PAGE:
The Sages have given us an insight into the source of Sodomite iniquity and at the same time a sobering lesson in the evaluation of our own behavior. We are not surprised to read that ‘the manner of ordinary people’ calls for one neither to give nor to receive. ‘Neither lender nor borrower be’ has come into the language as a well-accepted maxim of conduct. This runs counter to the Torah’s teaching that a Jew is required to lend and to give – nevertheless, it is hardly a code of conduct that can be described as wicked. Therefore, the first opinion cited by the Mishnah describes it as the code of ordinary people: it shows little sensitivity to the needs of others, but one would prefer it to the grasping, selfish attitude that has been the cause of suffering and misery throughout history.
The second opinion sees it differently. In itself, the code is not evil, but what seeds of wickedness it contains. Sodom, too, began as a society that said ‘what is mine is mine and what is yours is yours’. Sodom was not an aggressive, warrior nation that plundered its neighbors. To the contrary, the one time in Scripture where we find Sodom engaged in battle, they were humiliated in defeat (14:10-11). But Sodom was concerned in protecting what it had and in not sharing it with others. To do so, it erected a new social code, one that did not stop with ‘charity begins at home’, but which erected barriers against the unfortunate, terror against the helpless, that pronounced a sentence of a slow and painful death upon a girl whose only crime was that she secretly gave a crust of bread to a hungry stranger. People can go to frightening lengths to protect ‘legitimate interests.’ The person or nation whose eyes turn inward in selfish concern for the protection of only his own concerns, should search long and hard lest he become a Sodomite.
In the eyes of God, the greatest abomination of all is a social contract founded on selfishness, descending to cruelty, resulting in perversion of decency. Licentiousness is a grievous sin because of it the nations of Canaan were vomited out of the Land, and Israel was warned against it in the harshest terms. But it is understandable that human beings, possessed of animal passions, may fail to control them. Even a selfish unwillingness to help others is understandable. But to erect a society with a social and legal code in defense of selfishness and in opposition to kindness – that is an abomination which both in God’s eyes and in Jewish tradition is described with the contemptuous epithet – ‘the manner of Sodom.’ That behavior, God will not tolerate. It resulted in the total upheaval that left no trace of the period’s wealthiest city.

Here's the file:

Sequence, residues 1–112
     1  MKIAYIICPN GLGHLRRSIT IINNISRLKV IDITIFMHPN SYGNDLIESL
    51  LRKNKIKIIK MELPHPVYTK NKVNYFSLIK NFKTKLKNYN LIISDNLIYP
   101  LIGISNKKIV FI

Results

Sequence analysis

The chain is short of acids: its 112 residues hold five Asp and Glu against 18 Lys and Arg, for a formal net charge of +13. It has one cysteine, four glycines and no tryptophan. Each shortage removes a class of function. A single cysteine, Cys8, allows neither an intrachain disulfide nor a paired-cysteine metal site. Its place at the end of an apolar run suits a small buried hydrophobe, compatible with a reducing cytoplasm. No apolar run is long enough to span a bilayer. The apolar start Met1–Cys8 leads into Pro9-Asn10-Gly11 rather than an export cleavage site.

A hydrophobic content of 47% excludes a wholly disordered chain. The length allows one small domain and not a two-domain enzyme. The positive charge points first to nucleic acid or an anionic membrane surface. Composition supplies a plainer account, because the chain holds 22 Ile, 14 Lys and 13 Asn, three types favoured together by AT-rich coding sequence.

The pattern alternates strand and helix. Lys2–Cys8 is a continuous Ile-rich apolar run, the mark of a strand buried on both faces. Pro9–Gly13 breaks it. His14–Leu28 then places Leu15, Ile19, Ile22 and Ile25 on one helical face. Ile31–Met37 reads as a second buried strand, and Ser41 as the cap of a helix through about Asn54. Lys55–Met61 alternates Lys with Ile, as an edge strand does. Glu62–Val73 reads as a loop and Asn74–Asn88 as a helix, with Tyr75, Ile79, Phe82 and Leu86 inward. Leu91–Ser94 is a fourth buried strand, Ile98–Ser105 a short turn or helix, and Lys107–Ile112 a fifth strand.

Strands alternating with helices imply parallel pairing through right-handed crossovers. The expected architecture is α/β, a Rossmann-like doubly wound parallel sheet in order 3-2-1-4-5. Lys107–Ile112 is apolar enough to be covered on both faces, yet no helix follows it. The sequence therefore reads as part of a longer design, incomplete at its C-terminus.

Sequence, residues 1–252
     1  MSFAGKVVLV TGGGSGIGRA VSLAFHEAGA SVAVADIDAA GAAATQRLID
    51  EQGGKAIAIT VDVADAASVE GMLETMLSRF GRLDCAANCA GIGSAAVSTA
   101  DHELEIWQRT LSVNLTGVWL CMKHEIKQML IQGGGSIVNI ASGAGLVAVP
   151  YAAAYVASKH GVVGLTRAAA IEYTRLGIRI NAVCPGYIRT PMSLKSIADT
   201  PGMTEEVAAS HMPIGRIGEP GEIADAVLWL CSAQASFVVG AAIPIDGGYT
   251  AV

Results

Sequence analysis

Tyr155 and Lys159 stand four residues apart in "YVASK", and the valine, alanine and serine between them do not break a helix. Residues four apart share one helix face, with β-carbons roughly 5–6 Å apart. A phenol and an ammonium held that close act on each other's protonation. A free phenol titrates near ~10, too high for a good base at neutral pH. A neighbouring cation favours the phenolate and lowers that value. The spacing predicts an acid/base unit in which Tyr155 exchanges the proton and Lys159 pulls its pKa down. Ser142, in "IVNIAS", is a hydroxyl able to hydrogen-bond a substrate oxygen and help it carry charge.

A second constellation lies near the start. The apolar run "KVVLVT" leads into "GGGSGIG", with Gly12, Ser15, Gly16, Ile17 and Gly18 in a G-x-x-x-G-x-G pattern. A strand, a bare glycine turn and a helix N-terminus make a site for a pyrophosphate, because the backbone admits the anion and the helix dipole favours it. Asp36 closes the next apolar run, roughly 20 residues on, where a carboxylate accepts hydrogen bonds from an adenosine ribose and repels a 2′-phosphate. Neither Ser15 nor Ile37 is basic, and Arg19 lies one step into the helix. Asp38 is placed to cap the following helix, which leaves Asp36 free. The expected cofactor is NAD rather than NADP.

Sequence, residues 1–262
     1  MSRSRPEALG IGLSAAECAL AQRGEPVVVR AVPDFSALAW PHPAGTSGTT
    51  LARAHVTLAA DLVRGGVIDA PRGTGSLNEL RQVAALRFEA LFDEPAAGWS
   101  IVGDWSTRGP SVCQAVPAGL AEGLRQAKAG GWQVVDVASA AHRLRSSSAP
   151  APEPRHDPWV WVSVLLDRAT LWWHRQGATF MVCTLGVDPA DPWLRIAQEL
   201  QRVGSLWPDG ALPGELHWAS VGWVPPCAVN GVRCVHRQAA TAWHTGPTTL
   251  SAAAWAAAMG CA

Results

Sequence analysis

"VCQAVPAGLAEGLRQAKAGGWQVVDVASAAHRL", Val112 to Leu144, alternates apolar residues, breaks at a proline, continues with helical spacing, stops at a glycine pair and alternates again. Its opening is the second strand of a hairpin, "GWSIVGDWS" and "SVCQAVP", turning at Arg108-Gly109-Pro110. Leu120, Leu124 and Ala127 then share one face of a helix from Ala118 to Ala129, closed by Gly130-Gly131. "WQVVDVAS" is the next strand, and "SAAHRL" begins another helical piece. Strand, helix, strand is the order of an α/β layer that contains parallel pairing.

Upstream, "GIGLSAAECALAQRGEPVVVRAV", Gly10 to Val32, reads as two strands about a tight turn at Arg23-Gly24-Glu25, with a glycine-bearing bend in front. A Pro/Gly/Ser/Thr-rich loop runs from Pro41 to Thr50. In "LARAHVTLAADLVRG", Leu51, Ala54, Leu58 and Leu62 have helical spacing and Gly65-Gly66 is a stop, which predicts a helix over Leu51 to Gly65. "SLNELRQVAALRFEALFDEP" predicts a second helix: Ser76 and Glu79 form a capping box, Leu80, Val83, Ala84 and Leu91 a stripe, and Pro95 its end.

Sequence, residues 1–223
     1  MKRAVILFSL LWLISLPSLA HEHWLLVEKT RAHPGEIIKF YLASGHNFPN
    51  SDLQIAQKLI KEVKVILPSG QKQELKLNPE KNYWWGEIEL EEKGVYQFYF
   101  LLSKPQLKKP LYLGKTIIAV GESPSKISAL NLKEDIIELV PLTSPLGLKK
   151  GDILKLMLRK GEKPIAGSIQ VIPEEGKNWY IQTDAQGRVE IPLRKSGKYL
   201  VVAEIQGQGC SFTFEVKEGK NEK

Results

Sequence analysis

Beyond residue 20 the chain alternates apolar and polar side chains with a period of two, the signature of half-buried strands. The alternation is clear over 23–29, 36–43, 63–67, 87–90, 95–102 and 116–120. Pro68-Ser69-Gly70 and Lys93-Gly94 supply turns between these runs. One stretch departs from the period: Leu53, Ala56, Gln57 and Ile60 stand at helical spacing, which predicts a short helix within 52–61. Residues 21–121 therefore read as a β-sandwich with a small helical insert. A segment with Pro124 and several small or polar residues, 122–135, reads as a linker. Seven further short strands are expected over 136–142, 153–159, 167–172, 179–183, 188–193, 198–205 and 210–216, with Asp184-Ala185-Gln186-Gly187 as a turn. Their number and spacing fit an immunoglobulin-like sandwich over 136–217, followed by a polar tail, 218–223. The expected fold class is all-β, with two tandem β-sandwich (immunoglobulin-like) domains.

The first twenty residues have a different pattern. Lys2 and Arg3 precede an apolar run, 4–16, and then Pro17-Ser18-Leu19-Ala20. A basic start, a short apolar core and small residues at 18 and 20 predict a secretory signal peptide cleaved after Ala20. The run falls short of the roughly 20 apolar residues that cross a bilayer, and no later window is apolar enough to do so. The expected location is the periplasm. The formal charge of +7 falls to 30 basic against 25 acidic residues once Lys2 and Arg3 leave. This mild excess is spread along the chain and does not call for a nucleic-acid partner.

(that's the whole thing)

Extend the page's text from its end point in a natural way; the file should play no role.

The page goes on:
Indeed, the people of Sodom, unanimously and brazenly, acted to oppose the elementary dictates of decency, for that reason they could not be endured nor permitted to survive. The property of Canaan was neither destroyed nor forbidden: the property of Sodom was removed from the face of the earth, so grievous was their sin.
Would the same thing have happened if Sodom had been in Africa, Europe or America? Most assuredly not. The sin would have been grievous, and it would have been punished somehow and at some time. But the Sodomites committed their blight in Eretz Yisrael, the Land of holiness, the land which cannot abide sin. A sin there is worse. In the words of Ramban:
- “Know that the judgment of Sodom was due to the spiritual elevation of Eretz Yisrael, for it is the inheritance of God and it does not tolerate abominable people. Just as it would later vomit out the entire nation (of Canaan) because of their abomination, it preceded and vomited out this nation (Sodom) which was the worst of all, to heaven and to humans, and rained desolation upon it from heaven and earth, and ravaged the land beyond cure forever. For they were haughty because of their prosperity, and God saw that it (the total destruction of the selfish society) would be an omen for rebellious people, for Israel which was destined to inherit it (the Land) ….. For there are among the nations very wicked and sinful people, but He did not (utterly destroy) them. But (He did so to Sodom) because of the spiritual elevation of Eretz Yisrael for it is the Temple of Hashem (Genesis 19:5).”